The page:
By the “spacious gardens with fountains beginning in the Park,” Evelyn means the present Great Fountain or Public Garden, which lies on the east side of the palace. The preliminary steps towards forming a new garden out of the park had already been taken, it would seem, by Charles II.,
who planted the large semicircle of lime trees on this side of the palace.
It was indeed a fine idea of his thus to link together the converging ends of the great avenues with a grand and bold curve of lime trees, which, sweeping round to the line of the East Front of the palace, and to the walls of the old gardens, inclosed a great semicircular space of 93 acres : and the design of laying out this space as a splendid fountain-garden, was equally apt and judicious on the part of William and Mary. The bird's-eye view after Kip's contemporary engraving will give the reader an idea of the whole scheme.
The plan of the gardens, we are assured by Defoe in his account of Hampton Court in the “Tour through the whole Island of Great Britain," was "devised by the King himself; and especially the amendments and alterations were made by the King or the Queen's special command, or both, for their Majesties agreed so well in their fancy, and had both so good a judgment in the just proportion of things, which are the principal beauties of a garden, that it may be said they both ordered everything that was done.”
In carrying out their magnificent scheme, they invoked the aid and advice of George London, a pupil of Rose, the famous gardener of the time of Charles II., and his successor in the post of Royal 'Gardener, to which he was appointed immediately after the Revolution, at a salary of £200, and in addition made a page of the backstairs to Queen Mary. With London was associated another ingenious gardener named Henry Wise, who entered into a sort of partnership with him, and worked in conjunction with him in all the improvements that he carried out in the gardens and parks of Hampton Court. It is doubtless to London or Wise that Defoe alludes, when, in mentioning the gardening operations undertaken by William and Mary at Hampton Court at the beginning of their reign, he tells us that “the fine parcel of limes, which form the semicircle on the south [? east] front of the house, by the iron gates, looking into the park, were, by the dexterous hand of the head gardener removed, after some of them had been almost thirty years planted in other places, though not far off.”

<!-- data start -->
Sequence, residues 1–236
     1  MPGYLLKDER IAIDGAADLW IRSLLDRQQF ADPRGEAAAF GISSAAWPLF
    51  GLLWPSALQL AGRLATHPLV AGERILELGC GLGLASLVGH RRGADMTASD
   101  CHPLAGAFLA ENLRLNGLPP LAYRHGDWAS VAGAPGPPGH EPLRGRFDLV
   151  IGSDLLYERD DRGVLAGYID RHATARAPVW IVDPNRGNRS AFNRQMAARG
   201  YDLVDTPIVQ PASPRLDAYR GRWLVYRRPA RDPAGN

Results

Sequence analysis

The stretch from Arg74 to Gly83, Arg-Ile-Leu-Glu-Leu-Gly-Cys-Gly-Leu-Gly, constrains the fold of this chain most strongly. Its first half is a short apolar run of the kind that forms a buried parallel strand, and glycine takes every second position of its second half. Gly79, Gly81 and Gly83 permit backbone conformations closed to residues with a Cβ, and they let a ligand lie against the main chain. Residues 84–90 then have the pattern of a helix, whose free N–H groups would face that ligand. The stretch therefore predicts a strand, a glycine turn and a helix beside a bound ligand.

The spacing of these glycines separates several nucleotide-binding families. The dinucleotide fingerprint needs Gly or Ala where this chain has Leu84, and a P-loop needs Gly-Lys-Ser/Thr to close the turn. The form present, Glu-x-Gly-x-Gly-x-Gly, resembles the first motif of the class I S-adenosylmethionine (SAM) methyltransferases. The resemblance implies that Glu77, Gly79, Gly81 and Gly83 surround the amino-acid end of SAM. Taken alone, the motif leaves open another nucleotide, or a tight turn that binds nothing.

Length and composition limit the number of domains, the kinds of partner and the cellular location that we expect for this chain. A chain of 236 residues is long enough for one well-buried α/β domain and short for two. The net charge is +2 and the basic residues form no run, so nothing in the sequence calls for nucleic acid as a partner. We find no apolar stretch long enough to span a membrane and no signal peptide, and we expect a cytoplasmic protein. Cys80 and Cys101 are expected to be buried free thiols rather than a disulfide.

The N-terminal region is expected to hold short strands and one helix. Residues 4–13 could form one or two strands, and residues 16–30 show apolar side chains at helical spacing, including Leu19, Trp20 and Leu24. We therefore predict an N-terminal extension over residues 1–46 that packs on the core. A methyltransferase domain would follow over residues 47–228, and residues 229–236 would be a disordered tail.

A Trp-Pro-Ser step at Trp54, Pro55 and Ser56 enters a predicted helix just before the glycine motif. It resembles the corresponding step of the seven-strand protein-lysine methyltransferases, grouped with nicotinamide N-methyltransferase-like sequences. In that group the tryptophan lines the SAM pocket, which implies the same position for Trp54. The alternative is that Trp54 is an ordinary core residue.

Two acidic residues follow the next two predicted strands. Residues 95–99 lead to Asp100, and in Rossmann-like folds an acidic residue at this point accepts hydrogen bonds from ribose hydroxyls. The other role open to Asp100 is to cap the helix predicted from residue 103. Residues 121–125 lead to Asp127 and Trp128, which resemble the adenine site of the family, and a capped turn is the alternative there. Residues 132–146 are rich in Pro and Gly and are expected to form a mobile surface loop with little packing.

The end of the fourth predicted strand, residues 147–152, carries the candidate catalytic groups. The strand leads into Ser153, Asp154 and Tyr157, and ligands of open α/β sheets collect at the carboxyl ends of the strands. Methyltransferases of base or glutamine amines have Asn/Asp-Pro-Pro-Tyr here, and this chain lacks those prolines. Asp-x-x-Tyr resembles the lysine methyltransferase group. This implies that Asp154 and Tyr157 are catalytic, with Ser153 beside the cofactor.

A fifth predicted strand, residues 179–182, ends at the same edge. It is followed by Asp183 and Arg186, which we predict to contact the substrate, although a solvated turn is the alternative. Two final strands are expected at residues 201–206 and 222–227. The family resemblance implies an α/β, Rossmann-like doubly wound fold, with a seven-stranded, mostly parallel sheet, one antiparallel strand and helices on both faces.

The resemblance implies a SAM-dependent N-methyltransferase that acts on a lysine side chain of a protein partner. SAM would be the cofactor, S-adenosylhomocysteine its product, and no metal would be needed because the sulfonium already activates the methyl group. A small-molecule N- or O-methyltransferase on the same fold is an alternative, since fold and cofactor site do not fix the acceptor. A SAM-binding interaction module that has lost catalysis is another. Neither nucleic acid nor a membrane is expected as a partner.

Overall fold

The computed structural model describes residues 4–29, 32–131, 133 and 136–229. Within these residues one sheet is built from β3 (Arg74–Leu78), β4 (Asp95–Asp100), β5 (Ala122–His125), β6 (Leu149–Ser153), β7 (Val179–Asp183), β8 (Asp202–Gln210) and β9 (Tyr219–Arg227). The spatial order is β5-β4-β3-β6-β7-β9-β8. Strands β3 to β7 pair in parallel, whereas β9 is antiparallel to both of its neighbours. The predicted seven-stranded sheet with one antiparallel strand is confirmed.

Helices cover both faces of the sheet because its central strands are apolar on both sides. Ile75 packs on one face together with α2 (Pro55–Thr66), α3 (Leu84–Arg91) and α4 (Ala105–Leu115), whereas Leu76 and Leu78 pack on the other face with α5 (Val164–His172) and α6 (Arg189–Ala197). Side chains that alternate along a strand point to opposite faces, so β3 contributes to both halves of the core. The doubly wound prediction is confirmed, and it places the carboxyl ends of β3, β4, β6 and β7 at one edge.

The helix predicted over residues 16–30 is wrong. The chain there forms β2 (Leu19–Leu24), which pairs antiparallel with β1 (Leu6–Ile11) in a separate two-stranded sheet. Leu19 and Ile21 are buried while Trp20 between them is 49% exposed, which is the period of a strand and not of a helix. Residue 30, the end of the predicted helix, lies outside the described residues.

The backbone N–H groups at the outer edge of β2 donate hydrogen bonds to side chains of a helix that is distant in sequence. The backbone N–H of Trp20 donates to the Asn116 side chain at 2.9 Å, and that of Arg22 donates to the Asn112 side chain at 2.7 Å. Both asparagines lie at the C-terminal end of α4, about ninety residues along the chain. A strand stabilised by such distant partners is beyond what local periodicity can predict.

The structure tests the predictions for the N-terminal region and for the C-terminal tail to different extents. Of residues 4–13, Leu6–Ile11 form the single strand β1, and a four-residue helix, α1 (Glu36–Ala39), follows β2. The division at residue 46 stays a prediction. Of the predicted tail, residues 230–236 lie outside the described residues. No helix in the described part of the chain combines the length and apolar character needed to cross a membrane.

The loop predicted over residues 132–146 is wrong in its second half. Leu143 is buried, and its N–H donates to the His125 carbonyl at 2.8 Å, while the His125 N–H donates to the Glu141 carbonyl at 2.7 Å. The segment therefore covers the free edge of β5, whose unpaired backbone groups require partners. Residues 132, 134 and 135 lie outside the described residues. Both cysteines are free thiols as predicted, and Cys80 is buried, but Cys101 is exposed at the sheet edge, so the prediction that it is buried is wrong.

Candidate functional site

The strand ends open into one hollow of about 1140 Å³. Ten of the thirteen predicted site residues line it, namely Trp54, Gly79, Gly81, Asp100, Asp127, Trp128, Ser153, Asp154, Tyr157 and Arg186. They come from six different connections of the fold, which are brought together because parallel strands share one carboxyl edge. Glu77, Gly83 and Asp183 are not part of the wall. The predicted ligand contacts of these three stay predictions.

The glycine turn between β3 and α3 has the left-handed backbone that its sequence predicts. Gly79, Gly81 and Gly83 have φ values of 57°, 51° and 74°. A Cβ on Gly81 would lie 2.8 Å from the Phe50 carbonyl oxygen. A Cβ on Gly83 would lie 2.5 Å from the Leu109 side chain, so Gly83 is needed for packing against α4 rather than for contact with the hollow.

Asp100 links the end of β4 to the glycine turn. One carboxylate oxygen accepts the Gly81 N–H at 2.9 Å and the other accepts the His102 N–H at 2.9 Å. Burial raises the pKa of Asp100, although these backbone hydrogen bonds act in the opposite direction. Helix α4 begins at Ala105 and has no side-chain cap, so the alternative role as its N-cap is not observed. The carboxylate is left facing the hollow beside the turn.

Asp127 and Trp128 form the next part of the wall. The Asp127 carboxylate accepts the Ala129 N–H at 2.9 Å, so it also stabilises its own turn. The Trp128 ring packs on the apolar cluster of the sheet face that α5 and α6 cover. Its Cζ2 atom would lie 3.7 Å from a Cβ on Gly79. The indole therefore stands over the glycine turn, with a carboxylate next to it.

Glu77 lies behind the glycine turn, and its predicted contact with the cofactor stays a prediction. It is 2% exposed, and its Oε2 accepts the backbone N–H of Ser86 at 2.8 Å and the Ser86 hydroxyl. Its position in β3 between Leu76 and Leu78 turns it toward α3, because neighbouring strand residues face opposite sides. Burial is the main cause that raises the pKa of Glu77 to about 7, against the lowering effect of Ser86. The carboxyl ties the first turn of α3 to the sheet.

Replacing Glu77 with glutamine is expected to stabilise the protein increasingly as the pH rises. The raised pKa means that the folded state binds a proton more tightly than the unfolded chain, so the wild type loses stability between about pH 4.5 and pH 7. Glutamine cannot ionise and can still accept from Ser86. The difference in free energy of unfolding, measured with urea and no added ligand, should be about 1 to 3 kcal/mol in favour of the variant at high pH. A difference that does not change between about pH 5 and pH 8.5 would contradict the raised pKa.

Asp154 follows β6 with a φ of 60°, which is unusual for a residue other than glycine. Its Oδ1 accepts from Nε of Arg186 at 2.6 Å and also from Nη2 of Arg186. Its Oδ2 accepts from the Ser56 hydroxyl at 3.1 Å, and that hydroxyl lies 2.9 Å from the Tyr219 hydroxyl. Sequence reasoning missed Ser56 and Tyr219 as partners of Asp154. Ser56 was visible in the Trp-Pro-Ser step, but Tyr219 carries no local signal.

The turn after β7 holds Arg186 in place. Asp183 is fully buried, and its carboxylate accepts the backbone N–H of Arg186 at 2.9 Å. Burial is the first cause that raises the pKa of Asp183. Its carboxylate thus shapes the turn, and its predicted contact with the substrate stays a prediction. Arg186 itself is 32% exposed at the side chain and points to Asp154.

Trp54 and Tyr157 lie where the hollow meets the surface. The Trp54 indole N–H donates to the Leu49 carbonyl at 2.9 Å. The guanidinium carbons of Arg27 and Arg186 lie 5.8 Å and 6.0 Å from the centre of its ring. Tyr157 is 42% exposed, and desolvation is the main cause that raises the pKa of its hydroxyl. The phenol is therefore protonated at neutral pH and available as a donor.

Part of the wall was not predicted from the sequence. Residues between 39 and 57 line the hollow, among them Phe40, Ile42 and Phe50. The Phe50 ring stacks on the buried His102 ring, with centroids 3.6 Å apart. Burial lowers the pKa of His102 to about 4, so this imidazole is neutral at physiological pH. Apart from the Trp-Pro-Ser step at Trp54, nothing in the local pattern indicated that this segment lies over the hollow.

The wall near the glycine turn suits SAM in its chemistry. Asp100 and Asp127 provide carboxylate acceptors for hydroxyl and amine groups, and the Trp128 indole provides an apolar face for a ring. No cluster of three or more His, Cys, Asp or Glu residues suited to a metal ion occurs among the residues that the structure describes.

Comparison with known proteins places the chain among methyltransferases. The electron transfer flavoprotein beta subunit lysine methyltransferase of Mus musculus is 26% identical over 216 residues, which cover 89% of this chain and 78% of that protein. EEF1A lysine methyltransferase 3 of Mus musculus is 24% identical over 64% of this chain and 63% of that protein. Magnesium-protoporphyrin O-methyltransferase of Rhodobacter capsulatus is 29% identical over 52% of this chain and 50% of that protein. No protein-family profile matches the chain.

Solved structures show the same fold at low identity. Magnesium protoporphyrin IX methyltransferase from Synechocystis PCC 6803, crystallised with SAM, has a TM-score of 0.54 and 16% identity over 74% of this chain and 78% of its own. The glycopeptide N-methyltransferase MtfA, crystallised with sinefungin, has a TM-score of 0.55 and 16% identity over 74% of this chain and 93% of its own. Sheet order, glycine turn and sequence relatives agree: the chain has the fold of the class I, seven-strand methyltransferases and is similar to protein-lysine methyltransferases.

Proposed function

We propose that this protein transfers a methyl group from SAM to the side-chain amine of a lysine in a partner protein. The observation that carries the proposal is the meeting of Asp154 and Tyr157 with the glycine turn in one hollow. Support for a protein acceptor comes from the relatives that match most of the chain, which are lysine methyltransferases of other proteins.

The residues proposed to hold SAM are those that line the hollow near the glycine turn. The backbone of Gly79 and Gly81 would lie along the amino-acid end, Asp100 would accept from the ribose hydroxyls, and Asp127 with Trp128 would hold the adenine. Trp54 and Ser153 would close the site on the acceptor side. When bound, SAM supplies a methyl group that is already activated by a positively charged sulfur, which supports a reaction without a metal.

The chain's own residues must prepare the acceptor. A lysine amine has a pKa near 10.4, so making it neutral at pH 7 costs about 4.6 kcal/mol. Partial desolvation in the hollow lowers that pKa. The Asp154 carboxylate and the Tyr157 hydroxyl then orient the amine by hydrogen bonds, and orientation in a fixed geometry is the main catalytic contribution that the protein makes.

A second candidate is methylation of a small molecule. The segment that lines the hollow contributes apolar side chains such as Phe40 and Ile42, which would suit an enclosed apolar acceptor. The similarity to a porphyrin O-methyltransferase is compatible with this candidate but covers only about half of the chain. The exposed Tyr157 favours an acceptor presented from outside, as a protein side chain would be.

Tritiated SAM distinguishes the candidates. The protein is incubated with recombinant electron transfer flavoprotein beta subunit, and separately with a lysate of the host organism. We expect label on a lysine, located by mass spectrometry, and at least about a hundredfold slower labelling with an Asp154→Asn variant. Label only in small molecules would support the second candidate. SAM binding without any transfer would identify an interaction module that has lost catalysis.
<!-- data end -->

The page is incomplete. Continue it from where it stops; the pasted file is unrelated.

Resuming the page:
This remark—had we not the authority of Switzer for ascribing the great semicircle to Charles II.-would have
THE GREAT SEMICIRCULAR GARDEN.
led us to suppose that the lime trees in question were first planted at this time by William and Mary; but we conceive that on this point Switzer's positive and certain statement must be conclusive, as he shows intimate acquaintance with Hampton Court, and probably worked in these very gardens himself, under London and Wise, whose pupil he was, and whose works he details ; while Defoe wrote thirty-five years after the event from hearsay information, which he may have misunderstood or misapplied.
It may, however, be that the semicircle was at this time enlarged and extended, and the lime trees shifted further eastward in the park; though it is equally probable that Defoe is alluding to the subsequent removal, in 1699 and 1700—five years after the death of Queen Mary—of those lime trees, which were on the circumference of the semicircle nearest the palace, and the shifting of which was necessitated, as we shall see when we reach that period, by the extension of the gardens down to the river on the south, and to the Kingston Road on the north, so that the limes in front of the palace no longer form a complete semicircle, but only a segment of one, and instead of reaching to the line of the façade, turn off at a distance of fifty yards from it, in a parallel direction.
Throughout the months of August and September in the year 1689 William and Mary remained in seclusion at Hampton Court; but on the last day of September, William left Hampton Court for Newmarket, in order to be present at the autumn meeting, and returned to the palace on the Ioth, quite "cleaned out," for besides having had a bad time of it on the race-course, he was very
" hard hit” at cards, at which he played every night, and lost as much as four thousand at one sitting. A few days after, instigated perhaps by the remonstrances of his ministers and the complaints of the public against his being at a distance from London, he removed from this palace to Holland House for the winter.